Military enlistment: why Canadians join the Forces

During the Second World War, more than one million Canadians served in the Forces. In 2006, our combined Forces — regular and reserve — totalled 87,700. Regardless of the year, purpose and size of the military, Canadians enlist for similar reasons.

David Shergold is a doctor at Sunnybrook Hospital’s Veterans’ Centre. He served in the Royal Canadian Navy for 20 years before switching to medicine, and was the Forces’ recruitment doctor stationed in Toronto for five years.

He says there are two main motivations to join the military. There are those who feel a sense of duty or patriotism; and, there are those who join for personal reasons, such as the desire for a full-time job or an adventure.

To best understand the reasons Canadian soldiers enlist, says Shergold, “You’ve got to make a comparison either between war time or peace time.”

Enlisting during times of peace

Shergold enlisted in the navy during a time of peace because of both motivations. “Part of me joining was out of a sense of duty. My dad was 38 years in the navy. My grandfather was 38 years in the navy. And my great-grandfather was 20 years in the navy. So I’m fourth generation.”

But the idea of an adventure was also appealing. “As a young man, I think that was an attractive aspect too, that you could do something that was legal, aggressive and exciting.”

Mischa Moscovitch, 24, is currently a private with the Toronto Scottish Regiment reserve force. He too joined during a time of peace because of both mindsets; he wanted to go on adventures and grow as a person while serving a duty.


Enlisting during times of war

During war, there is a more stark contrast between soldiers who were motivated by duty and those motivated by personal reasons.

My 94-year-old grandfather James Scharf enlisted in the Second World War at the age of 18. He was initially attracted to the full-time job and the steady pay.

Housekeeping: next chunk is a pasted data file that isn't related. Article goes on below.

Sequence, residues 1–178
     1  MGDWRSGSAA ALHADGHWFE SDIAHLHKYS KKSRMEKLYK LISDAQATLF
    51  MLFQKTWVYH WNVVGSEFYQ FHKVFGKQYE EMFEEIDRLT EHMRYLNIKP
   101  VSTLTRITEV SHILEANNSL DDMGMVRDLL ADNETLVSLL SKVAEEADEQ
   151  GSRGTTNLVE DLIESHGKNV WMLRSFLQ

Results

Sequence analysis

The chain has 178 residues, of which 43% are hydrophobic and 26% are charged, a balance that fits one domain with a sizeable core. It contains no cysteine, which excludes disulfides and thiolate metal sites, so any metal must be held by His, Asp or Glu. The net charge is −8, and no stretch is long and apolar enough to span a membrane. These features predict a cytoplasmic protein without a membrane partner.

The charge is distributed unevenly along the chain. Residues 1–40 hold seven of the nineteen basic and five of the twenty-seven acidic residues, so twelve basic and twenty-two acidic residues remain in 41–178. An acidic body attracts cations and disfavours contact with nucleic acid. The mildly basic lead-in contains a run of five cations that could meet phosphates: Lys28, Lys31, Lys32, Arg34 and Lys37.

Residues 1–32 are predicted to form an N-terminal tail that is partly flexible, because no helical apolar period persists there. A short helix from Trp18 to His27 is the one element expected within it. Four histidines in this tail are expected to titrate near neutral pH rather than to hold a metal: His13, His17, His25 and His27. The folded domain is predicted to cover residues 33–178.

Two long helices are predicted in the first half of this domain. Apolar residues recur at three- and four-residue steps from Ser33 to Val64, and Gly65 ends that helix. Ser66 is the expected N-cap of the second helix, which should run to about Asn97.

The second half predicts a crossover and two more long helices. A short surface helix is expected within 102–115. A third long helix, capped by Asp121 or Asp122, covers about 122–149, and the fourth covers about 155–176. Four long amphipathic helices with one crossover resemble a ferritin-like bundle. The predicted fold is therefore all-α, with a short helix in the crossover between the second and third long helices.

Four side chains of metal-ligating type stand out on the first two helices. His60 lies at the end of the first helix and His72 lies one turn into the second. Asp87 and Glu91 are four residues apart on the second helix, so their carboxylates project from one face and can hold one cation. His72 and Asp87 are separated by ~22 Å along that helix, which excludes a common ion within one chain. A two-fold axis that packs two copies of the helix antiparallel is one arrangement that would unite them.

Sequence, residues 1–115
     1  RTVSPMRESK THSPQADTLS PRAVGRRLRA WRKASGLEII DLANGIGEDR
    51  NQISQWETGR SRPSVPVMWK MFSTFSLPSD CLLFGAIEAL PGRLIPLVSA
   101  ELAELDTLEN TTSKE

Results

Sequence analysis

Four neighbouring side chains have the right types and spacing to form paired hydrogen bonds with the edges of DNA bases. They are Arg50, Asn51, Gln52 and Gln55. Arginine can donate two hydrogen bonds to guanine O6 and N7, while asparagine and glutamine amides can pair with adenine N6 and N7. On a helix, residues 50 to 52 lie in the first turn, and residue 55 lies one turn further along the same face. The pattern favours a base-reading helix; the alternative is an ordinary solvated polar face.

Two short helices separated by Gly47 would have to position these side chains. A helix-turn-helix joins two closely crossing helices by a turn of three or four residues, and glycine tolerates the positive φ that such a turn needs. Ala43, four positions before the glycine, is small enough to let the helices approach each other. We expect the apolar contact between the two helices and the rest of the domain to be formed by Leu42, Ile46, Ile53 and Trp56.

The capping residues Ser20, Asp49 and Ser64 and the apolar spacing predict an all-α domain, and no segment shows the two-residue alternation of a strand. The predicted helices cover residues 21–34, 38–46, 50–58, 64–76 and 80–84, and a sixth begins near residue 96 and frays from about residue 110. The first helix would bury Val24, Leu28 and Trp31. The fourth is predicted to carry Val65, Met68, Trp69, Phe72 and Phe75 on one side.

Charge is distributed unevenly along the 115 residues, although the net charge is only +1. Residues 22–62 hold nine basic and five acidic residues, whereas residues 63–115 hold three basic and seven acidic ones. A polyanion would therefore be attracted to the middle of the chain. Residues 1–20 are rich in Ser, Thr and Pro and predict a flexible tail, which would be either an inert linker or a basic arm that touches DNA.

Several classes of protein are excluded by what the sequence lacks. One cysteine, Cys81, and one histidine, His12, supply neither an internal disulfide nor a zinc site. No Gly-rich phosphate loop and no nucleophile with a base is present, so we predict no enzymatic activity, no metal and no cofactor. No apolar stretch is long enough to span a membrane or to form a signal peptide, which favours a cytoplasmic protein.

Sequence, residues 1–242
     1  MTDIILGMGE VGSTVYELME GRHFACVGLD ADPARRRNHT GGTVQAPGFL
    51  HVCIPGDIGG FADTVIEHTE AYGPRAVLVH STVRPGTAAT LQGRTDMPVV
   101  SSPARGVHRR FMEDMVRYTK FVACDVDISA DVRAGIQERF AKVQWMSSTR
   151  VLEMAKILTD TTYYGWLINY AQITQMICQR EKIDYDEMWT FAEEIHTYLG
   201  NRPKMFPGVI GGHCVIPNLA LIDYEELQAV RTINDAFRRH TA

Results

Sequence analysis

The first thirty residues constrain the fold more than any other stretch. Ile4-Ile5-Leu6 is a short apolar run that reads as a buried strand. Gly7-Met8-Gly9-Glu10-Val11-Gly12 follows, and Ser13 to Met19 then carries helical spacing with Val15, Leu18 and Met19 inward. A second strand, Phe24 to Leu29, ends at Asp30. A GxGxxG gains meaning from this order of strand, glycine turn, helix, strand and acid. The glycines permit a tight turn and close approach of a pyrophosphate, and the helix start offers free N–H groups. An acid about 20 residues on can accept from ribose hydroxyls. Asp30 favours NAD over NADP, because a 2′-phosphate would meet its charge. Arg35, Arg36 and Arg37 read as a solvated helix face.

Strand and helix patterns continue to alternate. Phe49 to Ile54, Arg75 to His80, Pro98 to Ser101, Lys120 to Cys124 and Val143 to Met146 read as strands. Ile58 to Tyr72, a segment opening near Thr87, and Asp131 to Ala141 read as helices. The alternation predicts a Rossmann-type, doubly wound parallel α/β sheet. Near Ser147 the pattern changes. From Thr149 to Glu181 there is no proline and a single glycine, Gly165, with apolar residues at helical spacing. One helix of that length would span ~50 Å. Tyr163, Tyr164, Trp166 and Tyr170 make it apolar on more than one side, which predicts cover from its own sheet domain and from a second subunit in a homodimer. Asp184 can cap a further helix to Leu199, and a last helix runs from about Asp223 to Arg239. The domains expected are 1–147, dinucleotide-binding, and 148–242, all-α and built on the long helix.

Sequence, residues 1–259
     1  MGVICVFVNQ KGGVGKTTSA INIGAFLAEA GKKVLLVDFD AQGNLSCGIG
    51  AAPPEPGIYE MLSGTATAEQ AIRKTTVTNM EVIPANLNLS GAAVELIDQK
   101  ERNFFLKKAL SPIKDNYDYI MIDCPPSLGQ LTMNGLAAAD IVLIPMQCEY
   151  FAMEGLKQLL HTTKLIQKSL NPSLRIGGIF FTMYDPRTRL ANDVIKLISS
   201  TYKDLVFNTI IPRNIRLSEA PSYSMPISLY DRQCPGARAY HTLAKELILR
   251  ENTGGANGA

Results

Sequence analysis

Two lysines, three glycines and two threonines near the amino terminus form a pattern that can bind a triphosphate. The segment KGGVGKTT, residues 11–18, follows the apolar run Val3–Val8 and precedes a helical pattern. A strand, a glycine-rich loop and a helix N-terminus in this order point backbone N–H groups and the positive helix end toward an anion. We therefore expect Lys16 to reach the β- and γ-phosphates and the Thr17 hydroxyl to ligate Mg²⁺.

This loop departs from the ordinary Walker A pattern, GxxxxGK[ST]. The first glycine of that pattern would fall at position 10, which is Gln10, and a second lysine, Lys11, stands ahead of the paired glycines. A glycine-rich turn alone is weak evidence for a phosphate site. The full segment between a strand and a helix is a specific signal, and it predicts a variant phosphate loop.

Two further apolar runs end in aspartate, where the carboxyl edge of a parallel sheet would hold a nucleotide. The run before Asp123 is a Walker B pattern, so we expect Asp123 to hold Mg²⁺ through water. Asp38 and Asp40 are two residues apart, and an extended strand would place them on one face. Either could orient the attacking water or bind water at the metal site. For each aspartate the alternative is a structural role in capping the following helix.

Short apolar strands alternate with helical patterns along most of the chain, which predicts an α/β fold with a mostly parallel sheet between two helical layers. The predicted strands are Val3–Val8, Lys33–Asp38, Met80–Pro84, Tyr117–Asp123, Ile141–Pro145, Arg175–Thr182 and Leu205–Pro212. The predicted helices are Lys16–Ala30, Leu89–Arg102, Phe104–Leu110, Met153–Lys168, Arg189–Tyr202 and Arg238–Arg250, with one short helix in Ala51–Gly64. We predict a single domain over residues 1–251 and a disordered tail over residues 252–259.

“He was coming off the hardships of the Great Depression,” said my uncle Gord Scharf, a captain in the Canadian Forces, about my grandfather. “He mentioned on Remembrance Day he was working the night shift and when he was going into work he was seeing soldiers leaving to have a night on the town. That also attracted him. ‘Why am I working at night when I can work during the day and seem to have enough money left over to have some fun?'”

Jack Granatstein, one of Canada’s top military historians, said personal motivations like my grandfather’s were common during the Second World War since spaces available in the military increased. “There was unemployment and probably for a lot of people it was three meals a day, pay, and that would be an incentive.”

And then there were those who wanted to perform a duty. Granatstein says, “Patriotism was always an incentive. Canadians were very British at that point, and when Britain was at war many Canadians viewed Canada was at war, and it was the duty of every fit man to serve King and country.”

Shergold says patriotism is more evident during times of war. “When the Afghanistan conflict was on it was similar to World War II in the sense that you’re going to go and kill someone, it isn’t just training. So you have a different catchment of people who are motivated in that manner and want to stand up for their country.

In peace time you’re going to have that easier difference, without a call to duty like war, you’re going to have a career, something that is unique or adventurous.”

Today’s military

Moscovitch says since the number of spaces in the military decreases during times of peace, joining the Forces today is challenging. “The Canadian military is a vigorous application process, they have to accept you. You have to be in perfect shape, it’s very demanding physically.”

This past summer, he was on base for two months taking a specialization course. “You’re sleeping in trenches, sleeping in the forest, being woken up by flash grenades at 3 in the morning.”

Moscovitch emptied his backpack to display some of the gear soldiers carry around in the field.
Shergold said a soldier’s motivations to enlist come into question when conflict becomes real. When he was in the navy, “Some of the exercises we did were very close to reality, firing torpedoes and sinking ships. It’s when you’re that close to it that you come to realize really fast if this is what you really want to do in your life.”